Natural gas needs to break above the 55-day moving average at 2.6509 to stand a chance of a more constructive rebound. This moving average has capped prices on a closing basis since December 18 last year. Gas is currently trading at 2.611.


Natural Gas Daily Chart

Source: OANDA fxTrade



SUGAR touched a 5-1/2 month low yesterday but staged a recovery in the latter part of the day to close higher. This could form a potential outside-range day for the commodity, a bullish technical signal which would be confirmed with another higher close today.

The rebound could have been caused by supply concerns coupled with an uptick in demand for ethanol production. Heavy rains are reportedly slowing the harvest in Brazil, while higher oil prices are expected to trigger a spike in ethanol demand, particularly in Brazil.

The latest data shows that speculative investors are not so enthusiastic about a prolonged rally. They increased their net short positions for a second week, bringing net short positions to the highest since the week of October 2.


Sugar Daily Chart

Source” OANDA fxTrade


CORN prices have been on a tear for the past two weeks, soaring a hefty 16.7% from the eight-month low of 3.333 seen on May 13. The rally comes amid a perceived shortage of supply, with reports suggesting that US corn planting for this time of year has been reduced to the slowest pace on record amid storms, flooding and tornadoes.

Couple that with a market that was perhaps overly short of the commodity and the rebound took flight. Latest data from CFTC showed that net short positions were already being scaled back for a second straight week as at May 14, but were still aggressively net short.


Bearish bets on SOYBEANS are at the highest in more than 20 years, according to data outlining speculative positioning as at May 14 from CFTC. Prices rose for the first time in six weeks last week and look set to extend those gains in to this week, which could force more exits from short positions.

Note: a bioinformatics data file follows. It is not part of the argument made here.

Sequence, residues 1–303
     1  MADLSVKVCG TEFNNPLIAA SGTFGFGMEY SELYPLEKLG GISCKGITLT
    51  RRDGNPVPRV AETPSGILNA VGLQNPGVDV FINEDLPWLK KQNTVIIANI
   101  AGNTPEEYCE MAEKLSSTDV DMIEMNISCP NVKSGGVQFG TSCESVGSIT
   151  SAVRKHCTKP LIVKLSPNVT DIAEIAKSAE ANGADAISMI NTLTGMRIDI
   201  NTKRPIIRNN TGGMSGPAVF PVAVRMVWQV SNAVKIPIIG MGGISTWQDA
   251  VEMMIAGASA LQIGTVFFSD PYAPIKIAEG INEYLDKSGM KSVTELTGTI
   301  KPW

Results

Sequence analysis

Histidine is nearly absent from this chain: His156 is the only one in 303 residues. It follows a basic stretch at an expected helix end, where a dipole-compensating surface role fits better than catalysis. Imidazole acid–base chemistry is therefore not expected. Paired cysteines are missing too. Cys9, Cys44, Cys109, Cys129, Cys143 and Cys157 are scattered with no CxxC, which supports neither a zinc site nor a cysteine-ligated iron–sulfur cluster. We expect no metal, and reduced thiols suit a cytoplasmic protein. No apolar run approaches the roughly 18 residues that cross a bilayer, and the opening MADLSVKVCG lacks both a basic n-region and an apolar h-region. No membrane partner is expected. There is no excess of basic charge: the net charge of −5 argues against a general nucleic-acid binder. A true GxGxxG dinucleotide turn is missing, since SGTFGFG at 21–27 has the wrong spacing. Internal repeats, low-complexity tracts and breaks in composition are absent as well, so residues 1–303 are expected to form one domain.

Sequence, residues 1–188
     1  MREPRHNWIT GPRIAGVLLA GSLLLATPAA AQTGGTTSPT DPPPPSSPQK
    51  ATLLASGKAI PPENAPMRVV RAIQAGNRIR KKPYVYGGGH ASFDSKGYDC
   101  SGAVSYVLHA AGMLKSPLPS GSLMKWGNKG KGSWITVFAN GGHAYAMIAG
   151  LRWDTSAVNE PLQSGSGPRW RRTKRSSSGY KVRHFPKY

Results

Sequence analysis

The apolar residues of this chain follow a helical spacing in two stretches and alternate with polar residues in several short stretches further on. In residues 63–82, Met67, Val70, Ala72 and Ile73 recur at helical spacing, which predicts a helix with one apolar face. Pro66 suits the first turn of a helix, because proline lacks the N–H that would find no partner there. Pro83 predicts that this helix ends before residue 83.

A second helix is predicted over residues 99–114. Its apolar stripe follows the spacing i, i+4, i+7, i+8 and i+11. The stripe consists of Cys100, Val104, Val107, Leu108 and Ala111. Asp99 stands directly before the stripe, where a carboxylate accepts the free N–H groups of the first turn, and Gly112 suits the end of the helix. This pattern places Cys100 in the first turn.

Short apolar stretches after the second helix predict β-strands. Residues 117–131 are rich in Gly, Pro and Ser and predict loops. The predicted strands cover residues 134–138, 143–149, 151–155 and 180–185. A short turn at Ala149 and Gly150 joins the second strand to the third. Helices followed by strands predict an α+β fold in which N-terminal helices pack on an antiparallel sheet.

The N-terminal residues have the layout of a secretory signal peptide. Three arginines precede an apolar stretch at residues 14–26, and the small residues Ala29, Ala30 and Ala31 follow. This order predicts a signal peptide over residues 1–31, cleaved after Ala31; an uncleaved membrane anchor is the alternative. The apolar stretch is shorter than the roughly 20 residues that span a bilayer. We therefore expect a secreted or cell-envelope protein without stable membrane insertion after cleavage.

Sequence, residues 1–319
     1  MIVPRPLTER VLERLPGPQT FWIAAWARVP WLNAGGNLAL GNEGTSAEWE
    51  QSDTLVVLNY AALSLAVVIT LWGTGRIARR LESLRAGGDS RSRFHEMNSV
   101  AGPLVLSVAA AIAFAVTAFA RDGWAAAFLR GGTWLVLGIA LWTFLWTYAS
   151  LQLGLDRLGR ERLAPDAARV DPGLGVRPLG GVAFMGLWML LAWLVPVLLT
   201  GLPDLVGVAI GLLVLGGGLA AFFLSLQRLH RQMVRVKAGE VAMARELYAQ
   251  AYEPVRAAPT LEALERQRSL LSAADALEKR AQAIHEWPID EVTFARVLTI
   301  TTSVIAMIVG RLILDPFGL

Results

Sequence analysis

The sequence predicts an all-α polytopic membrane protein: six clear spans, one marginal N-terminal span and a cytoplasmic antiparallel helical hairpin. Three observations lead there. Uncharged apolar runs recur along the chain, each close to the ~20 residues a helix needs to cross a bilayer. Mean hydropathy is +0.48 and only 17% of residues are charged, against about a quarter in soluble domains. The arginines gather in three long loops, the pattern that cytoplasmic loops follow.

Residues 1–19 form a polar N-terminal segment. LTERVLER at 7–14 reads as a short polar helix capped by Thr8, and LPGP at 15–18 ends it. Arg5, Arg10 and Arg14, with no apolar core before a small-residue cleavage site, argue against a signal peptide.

WHEAT also rebounded last week, posting the biggest weekly gain since June 2017, amid speculative short-covering and concerns about falling supply. Speculative accounts reduced their net short positions for a second straight week in the week to May 14, according to CFTC data, and they are now at the lowest in four weeks. Reports are also suggesting the EU exports are down 1% in the 2019 season which started last July.



This article is for general information purposes only. It is not investment advice or a solution to buy or sell securities. Opinions are the authors; not necessarily that of OANDA Corporation or any of its affiliates, subsidiaries, officers or directors. Leveraged trading is high risk and not suitable for all. You could lose all of your deposited funds.

Andrew Robinson

Andrew Robinson

Senior Market Analyst at MarketPulse
A seasoned professional with more than 30 years’ experience in foreign exchange, interest rates and commodities, Andrew Robinson is a senior market analyst with OANDA, responsible for providing timely and relevant market commentary and live market analysis throughout the Asia-Pacific region. Having previously worked in Europe, since moving to Singapore he worked with several leading institutions including Bloomberg, Saxo Capital Markets and Informa Global Markets, proving FX strategies based on a combination of technical and fundamental analysis as well as market flow information. Andrew began his career as an FX dealer with NatWest and the Royal Bank of Scotland in the UK.
Andrew Robinson